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Old 04-18-2013, 08:09 AM   #1
Jim Day OP
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A lesson in humilty.

So I figure I might as well fess up. If you saw my R65 customization... http://www.advrider.com/forums/showt...=858426&page=2


Well.... It's performed pretty much perfectly, honestly better then I expected, a blast to ride and I love it... That said: the other day I was doing some high speed stability testing and the drive shaft failed.

I figured I was running in the high eighties, later inspection of my GPS said a decade more and though it tracked straight as an arrow with no vibration and even made it home, a few days later when I fired it up I heard some noises like the splines failed, and quickly realized that the forward weld on the drive shaft has failed.

In some thirty years of welding I can't recall a structural failure, but there's always a first time, and I could of hit it a little harder.

Haven't pulled the swingarm apart yet, so my biggest curiosity is if the shaft itself bent.

If not I'll just grind it back an re weld it, fortunately since the original shaft is pinned into the extension it never flopped around but spun on a pin if you will . So it's still there just slipping at the snapped weld.

I just want it back on the road before the deus ex machina ride Sunday.


Hey if I was perfect if I'd run this place.

Jim

Jim Day screwed with this post 04-18-2013 at 08:38 AM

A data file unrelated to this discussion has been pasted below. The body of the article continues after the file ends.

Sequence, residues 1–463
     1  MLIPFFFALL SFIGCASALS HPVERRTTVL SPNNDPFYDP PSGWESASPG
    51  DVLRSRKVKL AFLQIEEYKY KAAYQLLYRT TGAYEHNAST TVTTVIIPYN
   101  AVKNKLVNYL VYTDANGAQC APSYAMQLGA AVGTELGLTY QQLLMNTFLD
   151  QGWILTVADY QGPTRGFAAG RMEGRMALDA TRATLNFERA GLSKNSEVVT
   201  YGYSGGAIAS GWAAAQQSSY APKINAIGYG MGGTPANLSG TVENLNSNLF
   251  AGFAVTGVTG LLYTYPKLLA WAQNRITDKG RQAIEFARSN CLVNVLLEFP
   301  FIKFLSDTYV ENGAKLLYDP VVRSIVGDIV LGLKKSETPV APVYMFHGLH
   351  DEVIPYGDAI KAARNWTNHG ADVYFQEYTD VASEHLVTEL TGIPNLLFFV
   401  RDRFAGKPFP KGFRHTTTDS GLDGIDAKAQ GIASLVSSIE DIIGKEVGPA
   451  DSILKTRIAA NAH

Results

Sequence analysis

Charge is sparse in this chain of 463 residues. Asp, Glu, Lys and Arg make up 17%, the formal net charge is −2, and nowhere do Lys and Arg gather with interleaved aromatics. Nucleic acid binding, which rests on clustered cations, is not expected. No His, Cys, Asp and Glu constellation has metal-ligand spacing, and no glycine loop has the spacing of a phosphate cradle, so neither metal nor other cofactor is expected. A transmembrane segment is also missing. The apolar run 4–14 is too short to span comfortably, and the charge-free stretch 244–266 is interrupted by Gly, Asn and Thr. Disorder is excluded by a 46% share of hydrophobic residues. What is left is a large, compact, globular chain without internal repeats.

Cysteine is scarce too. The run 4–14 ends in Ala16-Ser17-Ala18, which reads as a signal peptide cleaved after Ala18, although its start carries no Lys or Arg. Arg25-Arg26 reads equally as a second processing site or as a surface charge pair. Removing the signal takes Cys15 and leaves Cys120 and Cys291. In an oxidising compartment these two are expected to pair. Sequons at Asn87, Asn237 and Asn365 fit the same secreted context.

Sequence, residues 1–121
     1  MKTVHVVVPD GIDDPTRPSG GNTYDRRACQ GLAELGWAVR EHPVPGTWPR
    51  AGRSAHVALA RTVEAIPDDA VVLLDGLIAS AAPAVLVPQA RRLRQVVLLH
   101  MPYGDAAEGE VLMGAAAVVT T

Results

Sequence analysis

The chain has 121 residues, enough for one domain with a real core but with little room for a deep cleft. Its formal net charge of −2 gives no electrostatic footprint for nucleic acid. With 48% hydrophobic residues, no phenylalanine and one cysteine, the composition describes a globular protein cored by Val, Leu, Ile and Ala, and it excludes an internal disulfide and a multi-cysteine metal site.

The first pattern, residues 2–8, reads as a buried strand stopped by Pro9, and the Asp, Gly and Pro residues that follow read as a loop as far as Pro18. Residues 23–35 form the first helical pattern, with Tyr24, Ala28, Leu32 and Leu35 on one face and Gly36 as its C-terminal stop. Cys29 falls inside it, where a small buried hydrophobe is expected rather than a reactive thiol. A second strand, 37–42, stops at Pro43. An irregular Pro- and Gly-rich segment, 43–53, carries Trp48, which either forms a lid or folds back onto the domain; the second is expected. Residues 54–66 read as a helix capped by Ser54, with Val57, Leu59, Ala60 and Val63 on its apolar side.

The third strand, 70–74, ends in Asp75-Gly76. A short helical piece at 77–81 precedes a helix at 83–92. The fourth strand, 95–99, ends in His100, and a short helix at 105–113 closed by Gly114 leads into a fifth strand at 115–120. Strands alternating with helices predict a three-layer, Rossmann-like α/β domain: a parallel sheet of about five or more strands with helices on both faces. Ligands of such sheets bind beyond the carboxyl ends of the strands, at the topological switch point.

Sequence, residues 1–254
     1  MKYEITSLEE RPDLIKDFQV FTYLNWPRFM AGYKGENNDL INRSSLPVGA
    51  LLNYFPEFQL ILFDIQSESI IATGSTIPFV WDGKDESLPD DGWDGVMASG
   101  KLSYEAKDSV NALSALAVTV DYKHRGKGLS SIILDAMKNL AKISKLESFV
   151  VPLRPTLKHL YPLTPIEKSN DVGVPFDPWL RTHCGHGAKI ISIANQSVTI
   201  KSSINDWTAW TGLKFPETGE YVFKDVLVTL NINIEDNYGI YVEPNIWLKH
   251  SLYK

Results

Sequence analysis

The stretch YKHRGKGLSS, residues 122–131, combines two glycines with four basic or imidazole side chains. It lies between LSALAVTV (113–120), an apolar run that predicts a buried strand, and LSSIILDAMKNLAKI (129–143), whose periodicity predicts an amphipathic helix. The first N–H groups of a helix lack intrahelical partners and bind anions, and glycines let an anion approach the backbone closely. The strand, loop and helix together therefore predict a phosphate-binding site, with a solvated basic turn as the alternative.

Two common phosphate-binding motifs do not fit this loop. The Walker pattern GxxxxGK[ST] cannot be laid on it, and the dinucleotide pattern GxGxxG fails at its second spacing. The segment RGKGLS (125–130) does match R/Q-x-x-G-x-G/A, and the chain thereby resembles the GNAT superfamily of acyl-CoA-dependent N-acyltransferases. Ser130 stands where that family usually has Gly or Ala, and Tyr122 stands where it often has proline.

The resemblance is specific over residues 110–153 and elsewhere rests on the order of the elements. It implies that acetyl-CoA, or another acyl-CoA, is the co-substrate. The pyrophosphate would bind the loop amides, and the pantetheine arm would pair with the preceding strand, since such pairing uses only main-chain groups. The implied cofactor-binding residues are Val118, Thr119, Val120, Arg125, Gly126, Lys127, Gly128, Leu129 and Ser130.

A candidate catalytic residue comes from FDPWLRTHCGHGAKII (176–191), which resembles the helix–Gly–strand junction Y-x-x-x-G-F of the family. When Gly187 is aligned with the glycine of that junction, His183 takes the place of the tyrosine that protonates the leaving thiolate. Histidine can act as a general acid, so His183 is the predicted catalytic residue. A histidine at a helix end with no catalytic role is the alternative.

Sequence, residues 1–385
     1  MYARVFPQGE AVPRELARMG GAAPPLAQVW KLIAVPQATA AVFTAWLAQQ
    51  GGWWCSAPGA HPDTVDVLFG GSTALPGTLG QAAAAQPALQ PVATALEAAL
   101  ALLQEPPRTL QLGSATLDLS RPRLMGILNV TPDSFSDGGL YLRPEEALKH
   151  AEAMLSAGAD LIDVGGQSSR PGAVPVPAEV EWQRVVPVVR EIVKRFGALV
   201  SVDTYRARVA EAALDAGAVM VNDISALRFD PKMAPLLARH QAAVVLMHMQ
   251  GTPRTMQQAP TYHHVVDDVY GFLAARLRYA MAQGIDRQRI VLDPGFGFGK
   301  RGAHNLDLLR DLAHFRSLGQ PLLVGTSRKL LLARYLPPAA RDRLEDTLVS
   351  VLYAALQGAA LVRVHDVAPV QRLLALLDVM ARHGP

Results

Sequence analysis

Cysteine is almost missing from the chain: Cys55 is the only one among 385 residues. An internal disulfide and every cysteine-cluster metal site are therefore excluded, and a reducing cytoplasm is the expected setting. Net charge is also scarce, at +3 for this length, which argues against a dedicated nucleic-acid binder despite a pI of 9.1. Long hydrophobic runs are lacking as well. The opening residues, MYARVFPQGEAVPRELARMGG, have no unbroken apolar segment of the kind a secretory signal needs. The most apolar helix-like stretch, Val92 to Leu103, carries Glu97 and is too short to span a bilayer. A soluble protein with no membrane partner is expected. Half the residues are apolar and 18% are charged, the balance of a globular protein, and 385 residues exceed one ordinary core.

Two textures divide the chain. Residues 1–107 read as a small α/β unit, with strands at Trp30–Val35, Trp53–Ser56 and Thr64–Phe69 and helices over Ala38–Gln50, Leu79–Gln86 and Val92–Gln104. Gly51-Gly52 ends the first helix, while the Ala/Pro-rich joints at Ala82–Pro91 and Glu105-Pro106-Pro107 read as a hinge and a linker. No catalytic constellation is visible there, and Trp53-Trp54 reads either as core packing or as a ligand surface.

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Old 04-18-2013, 08:39 AM   #2
Bill Harris
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Such is the price of R&D. At least you got out and did something instead of being an internet armchair warrior. Find out why the weld failed so it won't happen again. It could have turned out much much worse.

Neat work on the bike, BTW...

--Bill
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Old 04-18-2013, 08:43 AM   #3
Beater
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Can you describe your methods of welding? Also how did you put the shaft together? You balanced it?

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Old 04-18-2013, 09:02 AM   #4
Jim Day OP
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Quote:
Originally Posted by Beater View Post
Can you describe your methods of welding? Also how did you put the shaft together? You balanced it?

I MIGed it at a relatively high heat using CO2, perfectly straight.

I first took some stock, cut it to length, then drilled out approximately 1 1/2 inches into each end, 3/8 of an inch on center to make the extension.

I then reduced the diameter of the original driveshaft down to approximately 3/8 of an inch for a few inches.

http://youtu.be/05e5LG8ZADg

I then cut the shaft in half in the middle of the reduced portion and slid each end into the extension.



That's it before the welding.

I then blocked it up with some bars and V blocks and like I said I MIGed it. I then put it in a lathe to check for balance.